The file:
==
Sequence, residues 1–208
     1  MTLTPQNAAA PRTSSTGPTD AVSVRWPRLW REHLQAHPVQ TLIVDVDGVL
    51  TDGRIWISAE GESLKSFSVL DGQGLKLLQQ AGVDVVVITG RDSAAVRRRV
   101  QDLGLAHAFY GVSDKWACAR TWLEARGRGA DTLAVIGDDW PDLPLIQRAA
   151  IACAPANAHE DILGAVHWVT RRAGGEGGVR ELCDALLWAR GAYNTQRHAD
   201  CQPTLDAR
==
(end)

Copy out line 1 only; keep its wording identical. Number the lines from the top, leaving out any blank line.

Sequence, residues 1–208